1. a b c d Ober-Roden, Offenbach district. Historical local dictionary for Hessen. (As of April 17, 2018). In: Landesgeschichtliches Informationssystem Hessen (LAGIS).
  2. Rödermark - Statistics In: roedermark.de. Accessed October 2017.
  3. Minst, Karl Josef [transl.]: Lorscher Codex (Volume 1), Certificate 12, February 25, 786 - Reg. 1952. In: Heidelberger historical stocks - digital. Heidelberg University Library, p. 67 , accessed on January 1, 2018 .
  4. Minst, Karl Josef [trans.]: Lorscher Codex (Volume 3), Certificate 1965, April 22, 791 - Reg. 2311. In: Heidelberger historical stocks - digital. Heidelberg University Library, p. 353 , accessed on February 29, 2016 .
  5. List of places for the Lorsch Codex, Roden (Niederroden, Oberroden) , Archivum Laureshamense - digital, Heidelberg University Library.
  6. Löwenstein, p. 206.
  7. Löwenstein, pp. 206, 209.
  8. Law on the reorganization of the Offenbach district (GVBl. II 330-33) of June 26, 1974 . In: The Hessian Minister of the Interior (ed.): Law and Ordinance Gazette for the State of Hesse . 1974 No. 22 , p. 316–318 , § 7 ( online at the information system of the Hessian state parliament [PDF; 1.5 MB ]).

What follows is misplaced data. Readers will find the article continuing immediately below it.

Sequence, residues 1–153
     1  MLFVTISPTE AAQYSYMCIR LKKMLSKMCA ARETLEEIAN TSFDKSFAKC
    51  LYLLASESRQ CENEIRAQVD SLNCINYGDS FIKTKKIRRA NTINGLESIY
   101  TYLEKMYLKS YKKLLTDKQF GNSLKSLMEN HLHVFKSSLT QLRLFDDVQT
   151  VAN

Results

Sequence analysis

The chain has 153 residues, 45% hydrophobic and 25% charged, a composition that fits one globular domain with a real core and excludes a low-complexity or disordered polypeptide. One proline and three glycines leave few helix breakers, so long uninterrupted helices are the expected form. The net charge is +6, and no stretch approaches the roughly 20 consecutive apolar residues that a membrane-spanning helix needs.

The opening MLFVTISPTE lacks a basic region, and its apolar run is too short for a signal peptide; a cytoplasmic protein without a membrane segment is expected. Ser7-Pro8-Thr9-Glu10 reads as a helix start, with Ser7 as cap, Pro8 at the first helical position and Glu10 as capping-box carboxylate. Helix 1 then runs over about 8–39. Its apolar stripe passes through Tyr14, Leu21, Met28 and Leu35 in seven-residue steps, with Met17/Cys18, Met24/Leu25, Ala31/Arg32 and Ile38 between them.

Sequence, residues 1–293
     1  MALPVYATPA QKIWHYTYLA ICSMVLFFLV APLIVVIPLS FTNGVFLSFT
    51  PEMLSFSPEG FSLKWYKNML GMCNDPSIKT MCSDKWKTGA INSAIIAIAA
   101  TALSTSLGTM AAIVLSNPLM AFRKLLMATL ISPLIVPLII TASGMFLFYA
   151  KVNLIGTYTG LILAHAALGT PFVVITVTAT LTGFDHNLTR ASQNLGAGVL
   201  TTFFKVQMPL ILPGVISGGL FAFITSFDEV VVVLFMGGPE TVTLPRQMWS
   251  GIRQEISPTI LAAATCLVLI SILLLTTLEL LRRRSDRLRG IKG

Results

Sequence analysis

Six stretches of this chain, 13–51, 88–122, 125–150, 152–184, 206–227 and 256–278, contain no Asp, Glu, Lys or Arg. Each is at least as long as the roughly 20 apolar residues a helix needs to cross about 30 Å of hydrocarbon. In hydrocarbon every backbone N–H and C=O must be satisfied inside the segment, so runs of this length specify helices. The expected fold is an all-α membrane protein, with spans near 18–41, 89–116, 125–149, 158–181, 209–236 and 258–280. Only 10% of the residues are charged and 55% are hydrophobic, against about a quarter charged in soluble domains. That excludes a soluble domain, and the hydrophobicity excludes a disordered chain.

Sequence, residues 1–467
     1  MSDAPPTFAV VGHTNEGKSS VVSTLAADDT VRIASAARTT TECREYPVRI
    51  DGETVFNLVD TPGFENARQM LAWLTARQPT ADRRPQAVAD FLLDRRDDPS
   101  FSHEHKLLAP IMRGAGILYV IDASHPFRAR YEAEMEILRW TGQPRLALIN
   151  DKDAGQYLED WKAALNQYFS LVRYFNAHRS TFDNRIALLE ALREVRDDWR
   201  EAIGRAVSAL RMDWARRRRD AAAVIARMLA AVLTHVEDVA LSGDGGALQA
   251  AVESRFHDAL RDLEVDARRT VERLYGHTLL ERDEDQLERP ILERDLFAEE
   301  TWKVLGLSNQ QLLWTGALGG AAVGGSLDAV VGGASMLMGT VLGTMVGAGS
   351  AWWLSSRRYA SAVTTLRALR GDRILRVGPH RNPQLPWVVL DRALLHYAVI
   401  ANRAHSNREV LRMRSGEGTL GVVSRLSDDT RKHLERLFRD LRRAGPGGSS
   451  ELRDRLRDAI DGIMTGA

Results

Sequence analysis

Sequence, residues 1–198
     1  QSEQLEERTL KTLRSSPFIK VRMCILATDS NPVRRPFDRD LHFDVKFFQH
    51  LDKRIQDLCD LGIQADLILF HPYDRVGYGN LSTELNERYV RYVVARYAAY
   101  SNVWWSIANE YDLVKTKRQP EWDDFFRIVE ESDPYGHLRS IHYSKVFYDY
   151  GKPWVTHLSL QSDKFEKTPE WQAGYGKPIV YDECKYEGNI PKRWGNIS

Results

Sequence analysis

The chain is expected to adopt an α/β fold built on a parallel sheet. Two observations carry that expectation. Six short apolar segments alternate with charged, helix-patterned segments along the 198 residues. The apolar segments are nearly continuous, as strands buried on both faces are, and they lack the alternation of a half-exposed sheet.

9. ^ Federal Statistical Office (ed.): Historical municipality directory for the Federal Republic of Germany. Name, border and key number changes in municipalities, counties and administrative districts from May 27, 1970 to December 31, 1982 . W. Kohlhammer GmbH, Stuttgart and Mainz 1983, ISBN 3-17-003263-1 , p. 355 and 375 .
  10. Law on the reorganization of the Offenbach district (GVBl. II 330-33) of June 26, 1974 . In: The Hessian Minister of the Interior (ed.): Law and Ordinance Gazette for the State of Hesse . 1974 No. 22 , p. 316–318 , § 7 ( online at the information system of the Hessian state parliament [PDF; 1.5 MB ]).
  11. Approval of a coat of arms of the municipality of Ober-Roden, district of Dieburg from June 10, 1963 . In: The Hessian Minister of the Interior (ed.): State Gazette for the State of Hesse. 1963 No. 25 , p. 694 , point 610 ( online at the information system of the Hessian state parliament [PDF; 2.9 MB ]).
  12. ^ Approval of a flag of the municipality of Ober-Roden, district of Dieburg, administrative district of Darmstadt from May 19, 1965 . In: The Hessian Minister of the Interior (ed.): State Gazette for the State of Hesse. 1965 no. 23 , p. 648 , point 550 ( online at the information system of the Hessian state parliament [PDF; 5,8 MB ]).